This, we all know, is not going to happen. Nothing about the Obama administration’s toe in the noxious Iraqi water suggests it will commit major resources to saving the current government of the grossly incompetent Prime Minister Nouri al-Maliki, much less the ancient stones of Nineveh.
The excavations of the last 170 years found Senaccherib’s “Palace Without Rival.” They discovered enormous winged bulls and winged lions with the faces of men, and they carted away the extraordinarily beautiful lion-hunt bas-reliefs that are in the British Museum. But there is so much more to find, so much of such phenomenal beauty and historical importance, that a visitor to those ancient precincts might feel as if he or she were in touch physically, mystically with the world described in the Old Testament. If only the stones could survive.
And it's not just the monumental sculptures that are in danger, but thousands of artifacts and, also, ancient manuscripts from the many cultures—Islamic, Christian, and pagan—that inhabited the region of Mosul when it sat astride the caravan route that led from the Far East into the Near East and Europe.
Soon after al-Bagdhadi’s men arrived in Mosul, they told the museum staff that the ancient statues were “against Islam.” But then they left the building. The collections remained unmolested for several days, and the initial reports that the statues had been smashed appear to have been erroneous. The photographs of shattered sculptures that circulated on the Web actually came from Syria, according to local officials in Mosul. But the caliphate’s gauleiters issued a city charter and declared in its Article 13 that “false idols” would have to be destroyed.
For this strain of Sunni Muslim jihadists, any representation of the human form (with the apparent exception of their own propaganda videos), any shrine that might lend itself to idolatry, and any place of worship dedicated to the faith of supposedly heretical Shia Muslims must be obliterated.
And so, day by day, night by night, the demolition teams and bulldozer drivers of the so-called Islamic State have gone about their work.
First the statue of a beloved local poet and the tomb of a great Arab historian fell to the caliphate’s wrecking crews. The world paid little attention.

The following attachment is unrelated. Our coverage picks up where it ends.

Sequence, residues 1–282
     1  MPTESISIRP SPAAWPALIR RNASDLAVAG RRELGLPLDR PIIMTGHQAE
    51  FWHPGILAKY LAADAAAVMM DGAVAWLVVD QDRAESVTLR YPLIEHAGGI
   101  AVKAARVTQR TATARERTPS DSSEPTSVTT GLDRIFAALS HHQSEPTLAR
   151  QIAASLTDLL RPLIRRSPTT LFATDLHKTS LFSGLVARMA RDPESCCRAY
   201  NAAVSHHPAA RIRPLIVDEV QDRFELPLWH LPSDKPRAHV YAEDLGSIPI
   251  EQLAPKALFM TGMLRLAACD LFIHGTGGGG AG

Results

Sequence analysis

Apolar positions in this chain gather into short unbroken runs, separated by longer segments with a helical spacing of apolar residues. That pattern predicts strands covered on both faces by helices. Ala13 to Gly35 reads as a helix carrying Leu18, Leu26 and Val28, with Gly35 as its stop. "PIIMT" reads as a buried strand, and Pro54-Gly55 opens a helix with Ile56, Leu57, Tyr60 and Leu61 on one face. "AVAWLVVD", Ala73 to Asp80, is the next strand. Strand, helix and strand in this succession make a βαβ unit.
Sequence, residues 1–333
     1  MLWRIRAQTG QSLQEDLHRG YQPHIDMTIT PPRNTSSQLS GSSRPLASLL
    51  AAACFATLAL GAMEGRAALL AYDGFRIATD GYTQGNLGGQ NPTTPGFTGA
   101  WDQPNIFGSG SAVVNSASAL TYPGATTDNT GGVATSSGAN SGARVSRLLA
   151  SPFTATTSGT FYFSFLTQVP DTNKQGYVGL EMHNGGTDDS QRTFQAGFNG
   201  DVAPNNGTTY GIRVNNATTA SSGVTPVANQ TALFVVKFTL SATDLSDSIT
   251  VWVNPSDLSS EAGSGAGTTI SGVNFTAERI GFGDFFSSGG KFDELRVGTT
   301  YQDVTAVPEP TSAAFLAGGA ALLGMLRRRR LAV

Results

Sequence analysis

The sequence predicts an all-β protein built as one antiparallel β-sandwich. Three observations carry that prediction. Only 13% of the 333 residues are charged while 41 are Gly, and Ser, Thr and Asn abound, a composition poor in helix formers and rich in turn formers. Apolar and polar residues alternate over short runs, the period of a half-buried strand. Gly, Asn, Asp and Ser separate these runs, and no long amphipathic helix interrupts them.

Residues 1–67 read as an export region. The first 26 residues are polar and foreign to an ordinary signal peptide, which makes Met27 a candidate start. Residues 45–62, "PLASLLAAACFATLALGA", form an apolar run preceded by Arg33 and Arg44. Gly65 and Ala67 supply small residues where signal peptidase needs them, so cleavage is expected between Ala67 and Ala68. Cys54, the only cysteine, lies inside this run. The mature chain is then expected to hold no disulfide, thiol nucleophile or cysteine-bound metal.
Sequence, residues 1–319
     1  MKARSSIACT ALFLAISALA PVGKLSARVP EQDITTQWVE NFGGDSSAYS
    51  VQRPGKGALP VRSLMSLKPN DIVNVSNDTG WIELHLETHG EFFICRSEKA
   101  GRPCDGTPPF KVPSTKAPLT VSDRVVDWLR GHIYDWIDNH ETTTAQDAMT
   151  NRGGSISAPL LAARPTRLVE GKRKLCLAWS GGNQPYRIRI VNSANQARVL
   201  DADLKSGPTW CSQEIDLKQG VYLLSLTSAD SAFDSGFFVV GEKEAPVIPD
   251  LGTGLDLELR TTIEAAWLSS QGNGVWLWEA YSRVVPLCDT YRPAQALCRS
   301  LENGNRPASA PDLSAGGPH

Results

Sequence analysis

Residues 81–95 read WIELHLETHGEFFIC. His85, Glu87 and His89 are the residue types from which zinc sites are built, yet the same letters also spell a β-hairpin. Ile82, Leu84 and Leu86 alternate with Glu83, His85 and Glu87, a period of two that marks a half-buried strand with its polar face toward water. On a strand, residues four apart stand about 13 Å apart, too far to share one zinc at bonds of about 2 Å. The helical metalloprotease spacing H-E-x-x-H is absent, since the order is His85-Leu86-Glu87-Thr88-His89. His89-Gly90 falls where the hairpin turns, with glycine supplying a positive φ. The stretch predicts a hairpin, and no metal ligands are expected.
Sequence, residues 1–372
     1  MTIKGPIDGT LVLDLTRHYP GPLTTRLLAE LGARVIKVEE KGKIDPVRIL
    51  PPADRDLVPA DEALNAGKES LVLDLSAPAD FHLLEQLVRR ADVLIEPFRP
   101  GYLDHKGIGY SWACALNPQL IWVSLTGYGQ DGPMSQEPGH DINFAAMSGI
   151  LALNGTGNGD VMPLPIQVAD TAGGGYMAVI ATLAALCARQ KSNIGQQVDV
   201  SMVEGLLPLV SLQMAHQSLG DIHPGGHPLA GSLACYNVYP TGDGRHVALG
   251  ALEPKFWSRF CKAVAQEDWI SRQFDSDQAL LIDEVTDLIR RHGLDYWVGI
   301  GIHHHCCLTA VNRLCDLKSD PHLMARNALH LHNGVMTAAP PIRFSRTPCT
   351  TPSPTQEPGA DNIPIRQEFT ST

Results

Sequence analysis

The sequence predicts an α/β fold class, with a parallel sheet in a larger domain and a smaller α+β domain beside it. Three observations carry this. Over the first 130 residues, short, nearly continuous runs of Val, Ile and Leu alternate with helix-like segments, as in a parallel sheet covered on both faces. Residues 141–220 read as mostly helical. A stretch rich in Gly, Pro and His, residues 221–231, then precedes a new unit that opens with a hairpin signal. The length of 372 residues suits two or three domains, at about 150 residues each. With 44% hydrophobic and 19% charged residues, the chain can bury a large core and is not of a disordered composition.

“The worst thing about wars is that they do not distinguish between the past and the future,” Mosul calligrapher and conservationist Abdallah Ismail told a local correspondent for the German-funded publication Niqash.org. He suggested that the shrewd new rulers of the city were “taking the pulse” of the local population to see how it would react to their appetite for destruction.
The caliphate’s troops “have removed statues of people that the city is really proud of,” said Ismail, “but they haven’t done anything to statues like the Assyrian winged bull, which are thousands of years old and which look far more like idol worship than these other monuments.”
“The people of Mosul have not reacted,” said Ismail. “They act as if these things are going on in another city, not their own.”
So al-Baghdadi’s men have picked up the pace, attacking and destroying one Shia mosque and shrine after another. Eventually, locals reportedly resisted by surrounding one mosque and throwing rocks, but that was during the day, and the caliphate just brought back the bulldozer during the night.
Then, last week, al-Baghdadi’s men returned to the Mosul Museum. They broke the lock to the storage rooms, and they have occupied the building ever since. “They say they are awaiting instructions from their guide [al-Baghdadi] to destroy these statues,” says Rashid, the National Museum director who is in touch with the local staff. Typically, al-Baghdadi is looking for the moment when he can get the most global attention.
Maybe this all sounds very distant. But the jihadist appetite for violent iconoclasm already has proved to be tremendously dangerous for the West. Those who claim to speak for a vengeful Allah take great delight in smashing idols wherever and whenever they can get to them. Theirs is a war of symbols. In early 2001 the Afghan Taliban, encouraged by al Qaeda, blew to bits the towering Buddhas of Bamiyan. Western leaders wrung their hands but took no substantive action. A few months later, the jihadists attacked some of the most spectacular icons in the world: the skyscrapers of the World Trade Center in New York City.